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Regional conference on climate change opens in Banjul

Sep 15, 2010, 12:09 PM | Article By: Abdoulie Nyockeh

The Ministry of Forestry and the Environment has started a four-day regional conference on Article 6 of the UN Convention on climate change at the Laico Atlantic Hotel in Banjul.

Officially opened on Monday, the conference plans to identify and make priorities available for possible actions, promote networking and exchange of information, and agree on common sub-regional strategies for the implementation of Article 6.

The meeting is also taking stock of the 2004 climate forum held in The Gambia.

In his keynote address on the occasion, the Minister of Forestry and the Environment, Honourable Jatto Sillah, said climate change "is downplayed" by a lot of countries, particularly in the developing world, where most of the countries are "real culprits".

Minister Sillah said  Africa must push hard for unity now than ever before to ensure justice prevails, as the continent bears the scotch and silent pains of something that it does not responsible for. 

"The Gambia attaches a lot of importance to the whole process of climate change, particularly Article 6 as it is expected that about 92km of our beautiful coastline will disappear as a result of climate change," he said, adding that The Gambia did not only participate in the development of the 5-year New Delhi Work programme in June 2002 but also co-chaired it with Belgium.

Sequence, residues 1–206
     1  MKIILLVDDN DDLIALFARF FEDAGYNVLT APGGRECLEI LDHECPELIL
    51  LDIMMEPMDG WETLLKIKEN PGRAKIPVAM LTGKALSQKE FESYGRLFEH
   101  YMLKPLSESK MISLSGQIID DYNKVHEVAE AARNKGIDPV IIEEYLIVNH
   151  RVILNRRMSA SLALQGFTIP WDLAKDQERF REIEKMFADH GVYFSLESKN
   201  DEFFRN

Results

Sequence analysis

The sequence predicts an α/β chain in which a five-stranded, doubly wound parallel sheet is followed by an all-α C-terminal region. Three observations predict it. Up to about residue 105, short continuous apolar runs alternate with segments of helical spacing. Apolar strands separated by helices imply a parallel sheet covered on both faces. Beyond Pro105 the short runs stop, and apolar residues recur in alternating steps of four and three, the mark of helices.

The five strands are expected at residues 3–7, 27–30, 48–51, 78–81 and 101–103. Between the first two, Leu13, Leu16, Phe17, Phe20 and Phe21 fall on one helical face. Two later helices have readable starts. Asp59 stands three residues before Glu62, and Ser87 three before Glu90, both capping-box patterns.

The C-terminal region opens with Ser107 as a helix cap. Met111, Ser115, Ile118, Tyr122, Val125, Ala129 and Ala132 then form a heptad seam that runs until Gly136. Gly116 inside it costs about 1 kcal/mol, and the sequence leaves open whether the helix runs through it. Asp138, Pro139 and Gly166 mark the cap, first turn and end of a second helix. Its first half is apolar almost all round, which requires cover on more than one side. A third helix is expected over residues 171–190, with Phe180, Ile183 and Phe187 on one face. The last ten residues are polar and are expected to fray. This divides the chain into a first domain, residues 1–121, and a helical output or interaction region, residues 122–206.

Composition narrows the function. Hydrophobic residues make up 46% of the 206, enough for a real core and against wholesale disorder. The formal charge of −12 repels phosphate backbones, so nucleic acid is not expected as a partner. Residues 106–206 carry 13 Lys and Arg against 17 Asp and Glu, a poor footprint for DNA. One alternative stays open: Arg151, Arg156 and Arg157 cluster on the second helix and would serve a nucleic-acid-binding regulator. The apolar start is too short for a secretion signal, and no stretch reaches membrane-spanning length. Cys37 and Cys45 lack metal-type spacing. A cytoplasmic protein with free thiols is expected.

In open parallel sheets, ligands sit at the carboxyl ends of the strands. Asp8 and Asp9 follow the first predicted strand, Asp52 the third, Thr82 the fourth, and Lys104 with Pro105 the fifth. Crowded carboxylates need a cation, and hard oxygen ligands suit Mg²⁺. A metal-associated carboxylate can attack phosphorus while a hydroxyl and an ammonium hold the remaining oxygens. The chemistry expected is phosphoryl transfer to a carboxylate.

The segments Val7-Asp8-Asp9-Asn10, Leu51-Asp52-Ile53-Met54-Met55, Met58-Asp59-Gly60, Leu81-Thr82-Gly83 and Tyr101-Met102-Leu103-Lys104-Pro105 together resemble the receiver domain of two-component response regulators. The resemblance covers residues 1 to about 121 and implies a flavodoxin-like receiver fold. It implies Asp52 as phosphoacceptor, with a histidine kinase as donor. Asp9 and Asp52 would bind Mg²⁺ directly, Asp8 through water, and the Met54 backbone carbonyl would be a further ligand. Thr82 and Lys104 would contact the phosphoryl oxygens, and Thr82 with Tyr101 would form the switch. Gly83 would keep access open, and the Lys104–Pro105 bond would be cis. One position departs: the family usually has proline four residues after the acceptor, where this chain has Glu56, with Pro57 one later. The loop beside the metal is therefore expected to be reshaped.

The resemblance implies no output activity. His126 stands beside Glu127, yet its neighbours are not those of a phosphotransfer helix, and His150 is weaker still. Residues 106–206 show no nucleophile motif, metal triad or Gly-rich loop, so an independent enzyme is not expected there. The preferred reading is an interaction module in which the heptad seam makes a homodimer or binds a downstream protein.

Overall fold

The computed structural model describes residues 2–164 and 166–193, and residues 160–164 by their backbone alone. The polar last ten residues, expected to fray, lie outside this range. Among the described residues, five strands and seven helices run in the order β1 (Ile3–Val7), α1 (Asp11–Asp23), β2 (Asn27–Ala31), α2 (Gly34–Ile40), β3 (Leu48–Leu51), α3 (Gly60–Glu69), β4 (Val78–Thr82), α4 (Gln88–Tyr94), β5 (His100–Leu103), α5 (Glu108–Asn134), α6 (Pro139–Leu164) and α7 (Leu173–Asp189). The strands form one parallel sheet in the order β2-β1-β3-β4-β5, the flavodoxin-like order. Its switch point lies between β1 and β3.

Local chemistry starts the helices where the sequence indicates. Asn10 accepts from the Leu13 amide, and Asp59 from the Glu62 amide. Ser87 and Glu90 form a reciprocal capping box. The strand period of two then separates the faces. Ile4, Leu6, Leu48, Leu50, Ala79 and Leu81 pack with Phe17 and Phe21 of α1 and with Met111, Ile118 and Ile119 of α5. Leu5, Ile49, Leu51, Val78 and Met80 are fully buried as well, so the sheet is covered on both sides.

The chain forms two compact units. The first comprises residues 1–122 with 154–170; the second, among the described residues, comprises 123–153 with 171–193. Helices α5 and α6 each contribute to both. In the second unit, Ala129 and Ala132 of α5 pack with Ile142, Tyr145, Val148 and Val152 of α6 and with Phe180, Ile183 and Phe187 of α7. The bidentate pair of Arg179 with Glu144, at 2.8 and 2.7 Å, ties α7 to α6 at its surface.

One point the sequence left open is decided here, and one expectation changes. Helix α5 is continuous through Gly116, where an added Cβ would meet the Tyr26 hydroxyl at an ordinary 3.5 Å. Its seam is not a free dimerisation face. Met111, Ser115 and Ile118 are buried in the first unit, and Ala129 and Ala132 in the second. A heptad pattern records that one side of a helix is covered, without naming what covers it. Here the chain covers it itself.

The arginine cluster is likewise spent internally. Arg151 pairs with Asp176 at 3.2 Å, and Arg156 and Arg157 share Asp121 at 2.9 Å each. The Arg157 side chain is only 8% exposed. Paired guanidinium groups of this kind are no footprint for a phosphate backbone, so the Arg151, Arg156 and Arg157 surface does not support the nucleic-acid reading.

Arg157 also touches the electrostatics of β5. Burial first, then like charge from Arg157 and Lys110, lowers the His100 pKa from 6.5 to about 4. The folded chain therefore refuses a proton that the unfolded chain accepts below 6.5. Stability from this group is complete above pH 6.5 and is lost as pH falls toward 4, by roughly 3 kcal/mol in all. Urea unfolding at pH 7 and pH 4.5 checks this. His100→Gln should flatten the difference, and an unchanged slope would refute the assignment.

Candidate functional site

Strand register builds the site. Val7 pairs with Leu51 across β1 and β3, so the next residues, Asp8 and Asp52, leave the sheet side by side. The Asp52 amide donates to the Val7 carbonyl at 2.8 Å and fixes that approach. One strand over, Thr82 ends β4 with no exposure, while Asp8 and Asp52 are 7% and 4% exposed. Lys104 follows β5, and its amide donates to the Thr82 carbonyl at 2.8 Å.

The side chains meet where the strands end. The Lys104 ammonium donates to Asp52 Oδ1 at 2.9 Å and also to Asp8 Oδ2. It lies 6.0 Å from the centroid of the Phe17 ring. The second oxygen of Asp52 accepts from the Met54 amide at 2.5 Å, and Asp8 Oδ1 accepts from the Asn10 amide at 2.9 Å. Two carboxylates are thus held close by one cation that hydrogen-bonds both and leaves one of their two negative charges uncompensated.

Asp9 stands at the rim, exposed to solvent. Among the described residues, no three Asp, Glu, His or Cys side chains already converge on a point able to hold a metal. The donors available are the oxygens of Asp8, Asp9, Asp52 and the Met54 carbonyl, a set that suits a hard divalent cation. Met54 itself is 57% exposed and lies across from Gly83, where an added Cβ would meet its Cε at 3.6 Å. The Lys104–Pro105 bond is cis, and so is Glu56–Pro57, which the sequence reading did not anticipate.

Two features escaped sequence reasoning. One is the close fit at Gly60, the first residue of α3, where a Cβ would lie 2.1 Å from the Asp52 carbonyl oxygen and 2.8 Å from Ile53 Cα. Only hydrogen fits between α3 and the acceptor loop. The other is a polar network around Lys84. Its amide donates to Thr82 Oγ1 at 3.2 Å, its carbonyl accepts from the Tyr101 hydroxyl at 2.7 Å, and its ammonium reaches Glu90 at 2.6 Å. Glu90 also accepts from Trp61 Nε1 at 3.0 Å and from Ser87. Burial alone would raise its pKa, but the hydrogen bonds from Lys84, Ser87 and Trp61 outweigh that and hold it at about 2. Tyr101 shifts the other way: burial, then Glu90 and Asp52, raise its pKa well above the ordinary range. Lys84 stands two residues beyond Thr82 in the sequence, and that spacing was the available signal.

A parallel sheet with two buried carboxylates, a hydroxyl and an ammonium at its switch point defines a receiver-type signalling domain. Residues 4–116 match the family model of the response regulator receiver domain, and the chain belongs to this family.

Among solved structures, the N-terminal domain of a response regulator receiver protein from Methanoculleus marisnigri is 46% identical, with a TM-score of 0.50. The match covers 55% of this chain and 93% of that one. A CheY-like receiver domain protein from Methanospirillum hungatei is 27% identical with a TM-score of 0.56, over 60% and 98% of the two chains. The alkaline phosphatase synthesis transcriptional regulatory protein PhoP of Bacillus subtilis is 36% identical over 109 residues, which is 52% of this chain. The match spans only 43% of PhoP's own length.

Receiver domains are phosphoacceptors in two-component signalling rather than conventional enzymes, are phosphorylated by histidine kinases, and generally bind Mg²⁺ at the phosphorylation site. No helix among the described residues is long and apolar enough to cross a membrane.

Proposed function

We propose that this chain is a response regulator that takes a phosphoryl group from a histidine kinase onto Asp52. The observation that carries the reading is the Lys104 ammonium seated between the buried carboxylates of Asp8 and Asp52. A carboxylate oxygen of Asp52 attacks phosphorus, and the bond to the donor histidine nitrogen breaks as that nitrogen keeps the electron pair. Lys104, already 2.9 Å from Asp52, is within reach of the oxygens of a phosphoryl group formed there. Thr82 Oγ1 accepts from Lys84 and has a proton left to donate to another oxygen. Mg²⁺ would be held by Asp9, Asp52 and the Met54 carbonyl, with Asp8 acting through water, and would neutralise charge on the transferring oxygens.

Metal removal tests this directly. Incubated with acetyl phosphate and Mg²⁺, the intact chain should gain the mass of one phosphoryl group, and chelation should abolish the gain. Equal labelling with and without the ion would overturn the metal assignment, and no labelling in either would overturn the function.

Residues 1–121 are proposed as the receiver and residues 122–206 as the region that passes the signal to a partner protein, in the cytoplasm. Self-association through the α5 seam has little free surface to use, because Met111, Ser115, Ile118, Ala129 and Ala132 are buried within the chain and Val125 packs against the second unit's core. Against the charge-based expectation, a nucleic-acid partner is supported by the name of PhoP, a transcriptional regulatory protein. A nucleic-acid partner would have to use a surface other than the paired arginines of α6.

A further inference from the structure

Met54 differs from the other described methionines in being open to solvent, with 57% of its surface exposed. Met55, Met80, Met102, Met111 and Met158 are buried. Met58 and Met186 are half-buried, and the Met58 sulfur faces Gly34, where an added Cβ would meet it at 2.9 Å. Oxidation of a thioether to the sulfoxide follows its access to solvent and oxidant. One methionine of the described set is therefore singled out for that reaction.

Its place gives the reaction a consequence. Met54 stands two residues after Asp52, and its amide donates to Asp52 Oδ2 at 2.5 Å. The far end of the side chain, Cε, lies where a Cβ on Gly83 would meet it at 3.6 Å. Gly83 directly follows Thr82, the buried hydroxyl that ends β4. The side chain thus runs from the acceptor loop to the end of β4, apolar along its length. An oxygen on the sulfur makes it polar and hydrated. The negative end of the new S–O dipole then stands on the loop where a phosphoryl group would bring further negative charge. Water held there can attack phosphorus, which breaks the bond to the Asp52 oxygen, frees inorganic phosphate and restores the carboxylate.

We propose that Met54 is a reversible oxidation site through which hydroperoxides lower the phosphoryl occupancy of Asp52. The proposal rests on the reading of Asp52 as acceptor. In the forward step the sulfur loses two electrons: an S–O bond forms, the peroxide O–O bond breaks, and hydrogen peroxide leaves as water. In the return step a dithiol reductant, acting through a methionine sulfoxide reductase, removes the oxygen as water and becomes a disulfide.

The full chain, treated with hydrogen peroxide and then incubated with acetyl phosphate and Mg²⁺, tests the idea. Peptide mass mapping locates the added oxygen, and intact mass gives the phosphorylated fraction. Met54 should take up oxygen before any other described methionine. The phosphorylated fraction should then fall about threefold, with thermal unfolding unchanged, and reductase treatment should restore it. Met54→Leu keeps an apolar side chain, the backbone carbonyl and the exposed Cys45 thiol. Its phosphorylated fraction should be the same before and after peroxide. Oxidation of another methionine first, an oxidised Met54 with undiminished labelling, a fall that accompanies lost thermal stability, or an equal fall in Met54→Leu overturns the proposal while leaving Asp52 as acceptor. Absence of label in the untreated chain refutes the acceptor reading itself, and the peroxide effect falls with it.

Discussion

Hon. Sillah stressed that since 2002, The Gambia has been involved in the negotiation of Article 6 agenda items for the Africa Group, the Group of 77 and China, and the least developed countries.

"Therefore, it is evident that Article 6 is very dear to The Gambia," he said, adding that the Article is a very important pillar in the climate change convention, particularly for the African continent.

Africa, he noted, is the most vulnerable continent as far as climate change is concerned. "We must therefore take all the elements of the work programme into serious consideration in order to integrate climate issues into our development plans to become a concern for all," he said.

"As we speak, a lot of people in various countries are suffering, for example, from flood, such as Pakistan, China and The Gambia. We must accept that it is the poor and vulnerable groups that suffer most. These groups are found in the richest as well as in the least developed continents in the world."

There could be "absolute water scarcity" by 2020, Hon. Sillah said. "The agriculture sector will suffer livestock loss and reduced crop yields due to drought. Food supplies will be threatened while the fishing and marine sectors will be subjected to fluctuations."

The health sector, he also noted, will be affected with water-borne diseases.

For her part, Ms Fatou Gaye, a senior climate change officer and Article 6 focal person in The Gambia, said Article 6 helps to integrate climate change activities into all sectors, particularly in education and public awareness. 

She noted that the development and the implementation of Article 6 commenced at a conference held in Bonn in June 2002, with presentations and contributions from representative parties, observers, IGOs, NGOs and other stakeholders.

Ms Gaye explained that the negotiations in Bonn continued in New Delhi in October 2002 where it was finally agreed upon and hence the name 5-year New Delhi Work programme.

She also said The Gambia would continue to raise awareness on climate change issues to promote change of attitude in order to promote the sustainable management and use of natural resources, better land use, and good agricultural practices.